• SEE YOU IN SEPTEMBER – WE’RE TAKING THE SUMMER OFF

    September is also when postcard shows resume – in Merrickville (Sept. 9th) and Dundas (Sept 24th).

    Details on our show calendar page.

L. B. FOOTE’S POSTCARDS

By Andrew Cunningham

Approaching early twentieth century photography from the (oblique) angle of postcards can sometimes twist the established hierarchy of photographers out of its usual shape. Many of the top photographers of the era did not sell much (or any) of their work in the form of postcards — while, conversely, the leading lights of postcard photography are often barely acknowledged outside postcard-collecting circles. So it was in the city of Winnipeg, where the iconic public photographer of the first half of the 20th century, Lewis B. Foote (1873-1957), would definitely be quite far down on anyone’s list of memorable postcard photographers. Indeed, the books that have been written on Foote’s work — including the most recent, Imagining Winnipeg (University of Manitoba Press, 2012) — mention Foote’s postcards only in passing, if at all. 

As a Manitoba-focused collector, I have nonetheless discovered Foote postcards here and there, every so often, unexpectedly and always with great excitement. For perspective, there might be two or three Foote postcards for every hundred published by his equally talented Winnipeg contemporary Maurice Lyall (1887-1966), who is unknown except to a few postcard collectors and about whom no books have been published. This blog post looks at some of the Foote cards in my collection — a bit of a ragtag and random set, with the important exception of the 1919 General Strike examples.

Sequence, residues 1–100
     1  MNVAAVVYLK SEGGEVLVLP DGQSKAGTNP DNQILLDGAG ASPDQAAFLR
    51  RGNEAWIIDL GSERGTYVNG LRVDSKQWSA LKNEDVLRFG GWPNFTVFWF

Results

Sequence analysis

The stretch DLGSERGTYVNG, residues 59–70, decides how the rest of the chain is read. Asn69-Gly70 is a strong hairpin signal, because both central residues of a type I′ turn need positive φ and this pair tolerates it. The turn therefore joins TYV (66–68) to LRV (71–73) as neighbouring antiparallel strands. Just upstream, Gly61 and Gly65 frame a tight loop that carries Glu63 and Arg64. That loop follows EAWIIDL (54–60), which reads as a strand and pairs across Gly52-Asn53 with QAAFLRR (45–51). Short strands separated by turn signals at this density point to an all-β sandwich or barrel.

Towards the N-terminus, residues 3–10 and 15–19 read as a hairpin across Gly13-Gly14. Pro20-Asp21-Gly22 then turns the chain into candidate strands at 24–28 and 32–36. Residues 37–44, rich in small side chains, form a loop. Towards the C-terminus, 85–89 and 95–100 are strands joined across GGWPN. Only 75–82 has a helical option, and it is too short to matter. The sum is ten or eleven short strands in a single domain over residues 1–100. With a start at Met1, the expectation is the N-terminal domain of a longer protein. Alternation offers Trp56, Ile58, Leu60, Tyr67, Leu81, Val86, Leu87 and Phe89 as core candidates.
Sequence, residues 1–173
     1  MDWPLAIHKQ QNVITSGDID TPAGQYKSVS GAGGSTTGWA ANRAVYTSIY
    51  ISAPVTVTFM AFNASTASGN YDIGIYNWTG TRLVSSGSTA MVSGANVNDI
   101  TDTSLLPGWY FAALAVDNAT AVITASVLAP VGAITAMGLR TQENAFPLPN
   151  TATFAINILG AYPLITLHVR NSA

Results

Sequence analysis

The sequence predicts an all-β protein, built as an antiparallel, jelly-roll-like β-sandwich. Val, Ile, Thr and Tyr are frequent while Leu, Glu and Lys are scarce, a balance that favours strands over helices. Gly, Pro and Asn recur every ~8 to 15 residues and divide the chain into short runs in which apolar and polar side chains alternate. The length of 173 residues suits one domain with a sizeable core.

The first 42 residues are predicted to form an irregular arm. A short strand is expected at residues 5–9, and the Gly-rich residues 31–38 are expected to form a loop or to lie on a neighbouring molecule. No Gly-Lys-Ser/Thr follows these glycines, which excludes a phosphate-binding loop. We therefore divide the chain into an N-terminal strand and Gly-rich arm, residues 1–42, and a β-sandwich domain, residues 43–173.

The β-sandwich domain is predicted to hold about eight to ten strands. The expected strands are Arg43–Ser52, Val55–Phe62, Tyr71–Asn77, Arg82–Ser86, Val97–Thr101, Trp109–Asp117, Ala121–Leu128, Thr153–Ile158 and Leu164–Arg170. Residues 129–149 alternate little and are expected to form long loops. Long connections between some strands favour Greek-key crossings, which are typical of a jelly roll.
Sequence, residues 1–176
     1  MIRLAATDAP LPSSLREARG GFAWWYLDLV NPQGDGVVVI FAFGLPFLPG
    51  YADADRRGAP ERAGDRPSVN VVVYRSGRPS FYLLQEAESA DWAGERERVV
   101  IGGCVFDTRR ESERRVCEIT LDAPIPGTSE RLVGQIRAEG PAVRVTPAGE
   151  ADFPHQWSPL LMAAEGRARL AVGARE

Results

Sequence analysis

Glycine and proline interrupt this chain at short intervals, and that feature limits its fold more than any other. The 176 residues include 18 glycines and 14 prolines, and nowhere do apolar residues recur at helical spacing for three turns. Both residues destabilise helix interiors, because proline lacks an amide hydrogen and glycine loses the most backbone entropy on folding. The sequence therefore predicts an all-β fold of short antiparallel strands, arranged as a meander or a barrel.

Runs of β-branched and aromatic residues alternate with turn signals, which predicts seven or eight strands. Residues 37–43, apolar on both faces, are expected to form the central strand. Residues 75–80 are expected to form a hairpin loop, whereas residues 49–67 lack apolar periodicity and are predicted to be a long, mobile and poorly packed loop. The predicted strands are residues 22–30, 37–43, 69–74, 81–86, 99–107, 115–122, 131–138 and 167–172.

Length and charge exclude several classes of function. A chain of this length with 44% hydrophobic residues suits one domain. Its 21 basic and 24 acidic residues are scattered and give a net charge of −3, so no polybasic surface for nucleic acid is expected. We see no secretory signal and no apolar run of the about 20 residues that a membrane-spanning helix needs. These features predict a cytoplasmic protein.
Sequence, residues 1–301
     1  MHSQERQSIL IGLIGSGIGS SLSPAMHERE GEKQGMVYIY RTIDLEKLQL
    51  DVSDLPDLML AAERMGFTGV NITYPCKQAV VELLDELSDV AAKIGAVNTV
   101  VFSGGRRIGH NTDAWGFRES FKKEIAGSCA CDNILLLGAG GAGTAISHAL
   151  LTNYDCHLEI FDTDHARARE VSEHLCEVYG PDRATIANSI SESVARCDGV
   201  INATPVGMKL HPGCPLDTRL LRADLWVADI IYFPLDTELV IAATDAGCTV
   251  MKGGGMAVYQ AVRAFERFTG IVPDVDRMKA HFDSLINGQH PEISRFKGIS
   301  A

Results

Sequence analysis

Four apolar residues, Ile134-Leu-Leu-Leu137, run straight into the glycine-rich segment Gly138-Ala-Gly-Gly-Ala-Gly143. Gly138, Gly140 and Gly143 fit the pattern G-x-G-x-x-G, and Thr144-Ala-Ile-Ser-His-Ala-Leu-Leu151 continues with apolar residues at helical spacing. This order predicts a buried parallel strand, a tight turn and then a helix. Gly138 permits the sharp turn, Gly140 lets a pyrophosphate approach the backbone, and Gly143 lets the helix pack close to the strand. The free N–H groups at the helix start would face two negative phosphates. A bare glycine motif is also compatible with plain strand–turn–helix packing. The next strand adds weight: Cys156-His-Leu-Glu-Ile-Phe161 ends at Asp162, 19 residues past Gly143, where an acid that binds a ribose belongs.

Lewis Foote

By way of biography, L. B. Foote was a native of Foote’s Cove, a tiny outport on an island off the Burin Peninsula of Newfoundland. The standard biographical story is that he discovered a talent for photography in the 1890s, whilst on the staff of the Summerside (P.E.I.) Journal. By 1902, Foote had established himself in Winnipeg, where he was one of the busiest and best-known local photographers for nearly half a century. As noted above, he died in 1957.

Pre-Strike Postcards

Most of Foote’s postcards are real photos (RPPCs). One exception, shown in Figure 1 below, is a promotional card (one of several, I am sure) that depicts the Winnitoba. The Winnitoba was the grandest excursion vessel on the Red River between its launching in 1909 (which is possibly when this card would have been produced) and its demise in a fire at the docks of its owner, the Hyland Navigation Co., in the autumn of 1912. Its sister ship, the Bonnitoba, which one sees much less frequently in postcards, is said to have been crushed by the river ice the following season. Hyland Park, the company-owned destination of the ships, still exists as a small public park just off Henderson Highway a little to the north of Winnipeg.